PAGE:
Wednesday, December 10, 2008
Vanishing Adirondack Children's Camps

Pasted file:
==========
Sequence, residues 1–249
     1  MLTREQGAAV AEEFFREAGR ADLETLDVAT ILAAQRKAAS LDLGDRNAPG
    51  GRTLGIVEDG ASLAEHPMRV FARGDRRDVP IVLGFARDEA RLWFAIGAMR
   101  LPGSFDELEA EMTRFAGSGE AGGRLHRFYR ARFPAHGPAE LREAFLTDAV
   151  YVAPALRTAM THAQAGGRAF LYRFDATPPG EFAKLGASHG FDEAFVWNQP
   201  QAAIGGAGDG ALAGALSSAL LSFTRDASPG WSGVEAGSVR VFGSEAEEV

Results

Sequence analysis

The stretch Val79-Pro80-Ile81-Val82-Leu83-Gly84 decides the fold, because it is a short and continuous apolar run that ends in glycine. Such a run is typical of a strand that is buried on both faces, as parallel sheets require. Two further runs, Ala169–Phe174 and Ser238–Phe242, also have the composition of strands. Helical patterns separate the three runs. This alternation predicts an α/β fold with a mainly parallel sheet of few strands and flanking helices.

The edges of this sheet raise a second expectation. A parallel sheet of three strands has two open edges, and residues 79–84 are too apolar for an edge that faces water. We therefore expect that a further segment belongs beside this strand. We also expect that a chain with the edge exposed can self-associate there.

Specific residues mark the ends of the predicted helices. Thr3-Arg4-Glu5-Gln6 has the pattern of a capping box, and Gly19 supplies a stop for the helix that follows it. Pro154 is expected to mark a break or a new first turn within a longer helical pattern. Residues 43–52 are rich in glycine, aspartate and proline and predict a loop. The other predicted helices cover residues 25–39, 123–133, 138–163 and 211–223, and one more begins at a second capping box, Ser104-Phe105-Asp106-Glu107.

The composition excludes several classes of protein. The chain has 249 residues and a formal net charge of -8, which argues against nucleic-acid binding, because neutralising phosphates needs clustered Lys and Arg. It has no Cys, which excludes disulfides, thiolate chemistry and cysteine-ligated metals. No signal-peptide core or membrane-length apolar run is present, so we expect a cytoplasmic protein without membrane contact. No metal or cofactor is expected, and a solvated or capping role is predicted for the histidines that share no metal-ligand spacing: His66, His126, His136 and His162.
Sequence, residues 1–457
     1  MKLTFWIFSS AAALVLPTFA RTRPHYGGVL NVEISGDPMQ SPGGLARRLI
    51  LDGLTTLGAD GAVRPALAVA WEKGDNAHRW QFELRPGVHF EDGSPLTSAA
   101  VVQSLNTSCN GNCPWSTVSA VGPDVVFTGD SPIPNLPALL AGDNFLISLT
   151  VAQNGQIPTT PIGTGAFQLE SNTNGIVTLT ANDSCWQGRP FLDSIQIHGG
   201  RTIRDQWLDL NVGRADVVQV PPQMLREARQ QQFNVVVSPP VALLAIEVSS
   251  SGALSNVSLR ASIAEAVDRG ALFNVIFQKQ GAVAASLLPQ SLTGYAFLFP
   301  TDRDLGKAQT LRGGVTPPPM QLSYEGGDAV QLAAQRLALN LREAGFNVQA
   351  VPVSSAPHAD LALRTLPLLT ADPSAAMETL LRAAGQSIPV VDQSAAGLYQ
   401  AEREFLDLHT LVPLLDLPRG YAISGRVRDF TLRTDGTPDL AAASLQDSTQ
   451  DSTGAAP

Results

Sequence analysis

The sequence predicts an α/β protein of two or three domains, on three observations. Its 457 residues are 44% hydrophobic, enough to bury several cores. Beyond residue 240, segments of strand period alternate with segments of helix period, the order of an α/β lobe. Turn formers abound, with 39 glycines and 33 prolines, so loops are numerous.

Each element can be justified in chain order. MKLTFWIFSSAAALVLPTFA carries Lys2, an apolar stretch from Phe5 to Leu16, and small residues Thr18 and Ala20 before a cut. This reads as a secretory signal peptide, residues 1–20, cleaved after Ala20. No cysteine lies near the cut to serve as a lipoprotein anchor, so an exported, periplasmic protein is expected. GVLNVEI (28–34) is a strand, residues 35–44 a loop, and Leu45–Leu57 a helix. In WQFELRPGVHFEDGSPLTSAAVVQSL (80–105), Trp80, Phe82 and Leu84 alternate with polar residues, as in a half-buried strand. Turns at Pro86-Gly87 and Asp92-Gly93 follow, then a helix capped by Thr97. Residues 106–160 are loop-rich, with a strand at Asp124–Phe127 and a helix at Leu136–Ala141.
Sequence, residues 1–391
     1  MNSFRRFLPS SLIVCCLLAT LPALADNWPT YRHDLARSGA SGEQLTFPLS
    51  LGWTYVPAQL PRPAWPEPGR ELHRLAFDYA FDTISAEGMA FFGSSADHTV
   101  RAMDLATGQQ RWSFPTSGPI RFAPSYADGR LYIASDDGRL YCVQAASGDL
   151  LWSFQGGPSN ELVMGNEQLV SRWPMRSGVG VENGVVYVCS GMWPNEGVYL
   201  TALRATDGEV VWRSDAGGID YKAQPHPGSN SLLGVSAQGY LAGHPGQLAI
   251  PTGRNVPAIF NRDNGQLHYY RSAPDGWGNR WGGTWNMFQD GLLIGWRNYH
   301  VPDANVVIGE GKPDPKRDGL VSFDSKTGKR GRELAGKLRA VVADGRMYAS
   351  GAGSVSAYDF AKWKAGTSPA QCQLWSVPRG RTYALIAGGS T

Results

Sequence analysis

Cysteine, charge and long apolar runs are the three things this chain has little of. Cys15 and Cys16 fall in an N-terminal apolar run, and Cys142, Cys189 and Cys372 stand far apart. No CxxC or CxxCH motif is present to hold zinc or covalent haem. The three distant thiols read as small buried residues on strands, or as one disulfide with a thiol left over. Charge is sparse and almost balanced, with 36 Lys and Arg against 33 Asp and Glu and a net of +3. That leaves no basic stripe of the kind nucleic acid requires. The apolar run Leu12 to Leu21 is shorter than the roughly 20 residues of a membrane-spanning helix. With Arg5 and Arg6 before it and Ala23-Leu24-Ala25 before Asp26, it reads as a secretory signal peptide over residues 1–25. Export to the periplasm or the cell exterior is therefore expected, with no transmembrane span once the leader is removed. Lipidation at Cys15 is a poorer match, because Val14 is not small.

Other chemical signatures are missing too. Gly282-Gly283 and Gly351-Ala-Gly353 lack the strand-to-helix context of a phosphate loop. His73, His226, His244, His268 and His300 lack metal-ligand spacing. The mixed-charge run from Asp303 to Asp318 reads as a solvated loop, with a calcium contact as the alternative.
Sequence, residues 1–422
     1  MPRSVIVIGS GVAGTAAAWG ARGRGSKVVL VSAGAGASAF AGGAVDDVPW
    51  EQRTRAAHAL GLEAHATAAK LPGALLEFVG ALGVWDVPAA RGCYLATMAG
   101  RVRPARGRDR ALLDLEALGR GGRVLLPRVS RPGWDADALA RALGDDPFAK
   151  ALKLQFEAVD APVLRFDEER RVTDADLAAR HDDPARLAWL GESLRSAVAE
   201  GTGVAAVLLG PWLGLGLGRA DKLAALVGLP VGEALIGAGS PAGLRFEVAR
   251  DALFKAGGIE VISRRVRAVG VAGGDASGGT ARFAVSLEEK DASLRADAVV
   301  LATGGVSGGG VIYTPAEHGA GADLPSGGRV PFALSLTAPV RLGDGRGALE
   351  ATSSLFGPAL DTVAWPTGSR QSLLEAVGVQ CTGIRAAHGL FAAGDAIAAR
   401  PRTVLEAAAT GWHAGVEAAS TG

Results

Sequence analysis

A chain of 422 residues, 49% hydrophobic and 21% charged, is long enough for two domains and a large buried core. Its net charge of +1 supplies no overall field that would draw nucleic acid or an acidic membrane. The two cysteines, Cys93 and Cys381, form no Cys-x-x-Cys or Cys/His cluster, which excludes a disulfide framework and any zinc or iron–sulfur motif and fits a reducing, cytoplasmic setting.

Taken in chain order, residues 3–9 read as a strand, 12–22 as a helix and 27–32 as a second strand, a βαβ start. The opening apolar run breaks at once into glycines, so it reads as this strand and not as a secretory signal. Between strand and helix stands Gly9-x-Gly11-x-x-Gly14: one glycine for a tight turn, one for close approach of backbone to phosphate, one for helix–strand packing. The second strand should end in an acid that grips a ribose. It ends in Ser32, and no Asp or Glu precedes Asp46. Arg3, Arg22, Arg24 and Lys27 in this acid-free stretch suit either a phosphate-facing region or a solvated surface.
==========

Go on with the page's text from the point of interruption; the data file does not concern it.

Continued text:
There is something paricularly special about having a children's summer camp in your town. In the summer, you see the canoe convoys pass by the dock, and hear the distant shouts and laughter of kids enjoying the Adirondacks. You see the ski boat drive by, circling with the latest kid trying to get up for the first time. We used to see these things and more when Camp Eagle Cove was operating in Inlet. My mother worked as a lifeguard there many years ago and I once thought of attending camp there for a summer. After Eagle Cove closed, it became a camp for sick children, then an Adirondack campus of the Florida college, Lynn University. After Lynn University closed the Adirondack Center, the property was sold to Dawn Timm and her husband, local realtors, for development. Years later, not a single home has been built. The little cabins are rotting away and the massive dining hall is sagging; the whole place looks sad and depressed. I wish that property could become a haven for artists, writers, musicians, students, like Yaddo, who need a place to work and to be inspired. I wish we still had those kids sitting around the campfires telling stories and waterskiing by the dock. In addition to the vanishing summer camps, I see over and over again the dreamers who come with their dream of owning a little Adirondack shop, their own business, and making it work. It could be a good life and it is for some. But in Old Forge, I see these places open with all the excitement and optimistic verve in the world only to appear on the real estate website a year later -- for sale, motivated seller. It is so difficult to run a business in the Adirondack Park, whether a summer camp or a gift shop, and I don't know what the right equation is to make a business succeed there. Few people seem to have figured it out.